Whilst a squat will allow you to lift a far greater load, and therefore provides the potential for more strength gains in terms of the absolute load you’re using, it is important to remember that we are after strength moveaustralian football develop vertical leap strength trainingments that have a high degree of motor program compatibility with game day movements. You will have likely noticed when playing or watching that the overwhelming majority of jumps performed are off of 1 leg, not 2. Therefore, whilst the squat has a high degree of motor program compatibility with the double-leg jump, it has far less compatibility, and therefore transferability, to a single leg-jump, which is a different motor program. Furthermore, it has been shown that double leg strength has very little carryover to single leg strength, whereas the carryover from single leg strength to double leg strength is actually very high. In other words despite being different movements and motor programs, step ups will transfer to double leg jumps considerably more than squats will transfer to single leg jumps. I am not saying drop the squats – by all means they are one of the absolute locks in any strength training program for footy – but what I am saying is that when vertical leap is a key movement quality goal of yours, the step up is equally a important and probably even more so than the squat.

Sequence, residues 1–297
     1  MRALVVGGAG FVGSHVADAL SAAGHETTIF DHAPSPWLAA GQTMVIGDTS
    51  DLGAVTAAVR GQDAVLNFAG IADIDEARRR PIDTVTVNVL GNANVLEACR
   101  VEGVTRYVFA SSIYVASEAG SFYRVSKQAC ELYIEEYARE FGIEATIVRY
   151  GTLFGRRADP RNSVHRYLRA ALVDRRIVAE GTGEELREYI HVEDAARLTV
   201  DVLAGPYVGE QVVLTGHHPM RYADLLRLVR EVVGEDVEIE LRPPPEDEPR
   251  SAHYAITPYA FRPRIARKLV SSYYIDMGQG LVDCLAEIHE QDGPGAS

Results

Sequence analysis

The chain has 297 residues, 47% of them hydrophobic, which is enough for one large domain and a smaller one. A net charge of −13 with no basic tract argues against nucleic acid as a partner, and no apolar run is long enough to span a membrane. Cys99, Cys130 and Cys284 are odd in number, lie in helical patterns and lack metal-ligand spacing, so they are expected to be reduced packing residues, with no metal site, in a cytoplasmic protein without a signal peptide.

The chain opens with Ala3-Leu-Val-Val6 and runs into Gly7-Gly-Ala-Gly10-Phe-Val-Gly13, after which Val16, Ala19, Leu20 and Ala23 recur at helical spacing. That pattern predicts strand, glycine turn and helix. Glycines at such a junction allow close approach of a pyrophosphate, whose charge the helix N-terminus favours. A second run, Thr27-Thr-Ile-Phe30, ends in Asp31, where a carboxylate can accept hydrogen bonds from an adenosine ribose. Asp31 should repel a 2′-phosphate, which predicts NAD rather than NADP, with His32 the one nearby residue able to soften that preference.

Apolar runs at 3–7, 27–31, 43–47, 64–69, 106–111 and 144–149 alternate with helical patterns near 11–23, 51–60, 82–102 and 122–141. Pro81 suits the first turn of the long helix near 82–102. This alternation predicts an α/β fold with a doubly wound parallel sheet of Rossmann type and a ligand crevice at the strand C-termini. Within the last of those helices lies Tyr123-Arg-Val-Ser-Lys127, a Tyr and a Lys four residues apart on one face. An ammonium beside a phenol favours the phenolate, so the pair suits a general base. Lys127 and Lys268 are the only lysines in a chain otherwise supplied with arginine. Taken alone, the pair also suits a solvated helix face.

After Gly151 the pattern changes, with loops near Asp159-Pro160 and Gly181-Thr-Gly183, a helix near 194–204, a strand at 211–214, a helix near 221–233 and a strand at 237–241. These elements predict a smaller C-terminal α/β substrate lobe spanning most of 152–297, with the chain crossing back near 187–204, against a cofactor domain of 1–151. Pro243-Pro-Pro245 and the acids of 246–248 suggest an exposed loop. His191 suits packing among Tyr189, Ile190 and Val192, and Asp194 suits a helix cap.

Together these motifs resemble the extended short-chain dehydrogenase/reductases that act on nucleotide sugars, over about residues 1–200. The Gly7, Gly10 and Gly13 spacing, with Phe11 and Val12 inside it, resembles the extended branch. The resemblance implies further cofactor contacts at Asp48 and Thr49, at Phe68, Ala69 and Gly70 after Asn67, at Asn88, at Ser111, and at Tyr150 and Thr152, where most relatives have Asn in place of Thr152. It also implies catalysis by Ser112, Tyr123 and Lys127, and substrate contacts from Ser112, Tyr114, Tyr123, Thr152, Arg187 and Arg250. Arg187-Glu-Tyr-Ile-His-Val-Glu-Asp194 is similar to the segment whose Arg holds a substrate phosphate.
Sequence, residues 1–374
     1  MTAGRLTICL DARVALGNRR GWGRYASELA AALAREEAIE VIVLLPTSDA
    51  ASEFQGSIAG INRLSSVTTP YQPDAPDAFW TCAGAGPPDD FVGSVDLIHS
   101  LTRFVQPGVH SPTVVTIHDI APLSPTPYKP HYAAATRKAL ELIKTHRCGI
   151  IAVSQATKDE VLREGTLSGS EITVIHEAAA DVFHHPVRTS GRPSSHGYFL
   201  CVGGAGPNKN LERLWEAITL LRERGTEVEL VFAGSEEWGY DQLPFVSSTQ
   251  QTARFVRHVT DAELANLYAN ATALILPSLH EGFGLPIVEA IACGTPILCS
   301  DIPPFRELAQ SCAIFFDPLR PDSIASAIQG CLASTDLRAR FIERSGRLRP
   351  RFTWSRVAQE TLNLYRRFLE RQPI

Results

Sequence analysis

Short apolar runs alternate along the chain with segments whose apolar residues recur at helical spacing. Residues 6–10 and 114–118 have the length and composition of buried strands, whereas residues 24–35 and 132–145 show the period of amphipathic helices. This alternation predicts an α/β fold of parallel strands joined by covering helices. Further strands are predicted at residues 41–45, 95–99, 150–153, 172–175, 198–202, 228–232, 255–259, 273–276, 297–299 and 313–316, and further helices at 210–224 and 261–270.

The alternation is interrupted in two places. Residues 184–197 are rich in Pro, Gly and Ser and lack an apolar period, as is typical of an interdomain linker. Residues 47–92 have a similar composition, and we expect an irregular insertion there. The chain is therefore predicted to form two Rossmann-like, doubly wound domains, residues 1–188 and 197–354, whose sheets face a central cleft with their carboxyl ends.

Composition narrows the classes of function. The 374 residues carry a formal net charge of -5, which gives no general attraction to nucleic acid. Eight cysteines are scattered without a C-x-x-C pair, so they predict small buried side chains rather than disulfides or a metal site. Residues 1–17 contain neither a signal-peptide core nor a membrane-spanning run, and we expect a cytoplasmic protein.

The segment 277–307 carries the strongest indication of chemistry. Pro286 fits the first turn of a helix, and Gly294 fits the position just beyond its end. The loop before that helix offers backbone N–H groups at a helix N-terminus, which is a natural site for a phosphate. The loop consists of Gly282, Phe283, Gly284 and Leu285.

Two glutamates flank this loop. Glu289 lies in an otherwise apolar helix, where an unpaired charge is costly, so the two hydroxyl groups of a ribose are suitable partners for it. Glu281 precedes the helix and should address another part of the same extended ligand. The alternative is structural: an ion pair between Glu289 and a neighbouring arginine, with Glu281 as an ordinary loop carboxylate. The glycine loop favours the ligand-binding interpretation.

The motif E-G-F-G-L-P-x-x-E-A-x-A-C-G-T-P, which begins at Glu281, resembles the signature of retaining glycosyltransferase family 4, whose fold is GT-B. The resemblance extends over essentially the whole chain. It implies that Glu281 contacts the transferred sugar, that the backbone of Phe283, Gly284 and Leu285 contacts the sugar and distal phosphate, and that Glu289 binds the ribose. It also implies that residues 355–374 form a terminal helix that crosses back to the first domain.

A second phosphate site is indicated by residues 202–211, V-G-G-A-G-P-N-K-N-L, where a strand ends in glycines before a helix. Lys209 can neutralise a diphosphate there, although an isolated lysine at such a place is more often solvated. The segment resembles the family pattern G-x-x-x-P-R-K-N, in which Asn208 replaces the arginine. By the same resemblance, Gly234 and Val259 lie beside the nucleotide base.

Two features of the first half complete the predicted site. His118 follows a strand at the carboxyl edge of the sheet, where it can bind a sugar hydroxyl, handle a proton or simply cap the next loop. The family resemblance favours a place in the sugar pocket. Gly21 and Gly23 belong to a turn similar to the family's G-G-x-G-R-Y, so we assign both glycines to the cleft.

Progress from functional strength to footy specific power

The end goal to strength training for footy isn’t actually to be stronger. This may sound strange, but the gains in functional strength in different movement tasks are a stepping-stone to the real end goal – which is the improvement in footy specific expressions of power. Improvements in strength are vital, because without strength gains, there can be no genuine improvement in other abilities like power or agility, because strength is the underlying physical quality on which all other qualities are built on top of. Therefore once an adequate base of functional strength in movements such as step-ups and squats has been developed, you must then build on this with plyometric movements such as explosive step-jumps and squat-jumps, including different variations of these. Furthermore, performing explosive weights movements of the same movement, but with only 1/3 – ½ the original weight, has also been shown to be a good tool for developing such power. However there is still some debate about the slowing down at the end of the range of movement with this form of training (because otherwise you would be throwing the bar to the ceiling), which doesn’t exist with plyometrics, and there is the feeling that this deceleration may train to slow down the end of a movement.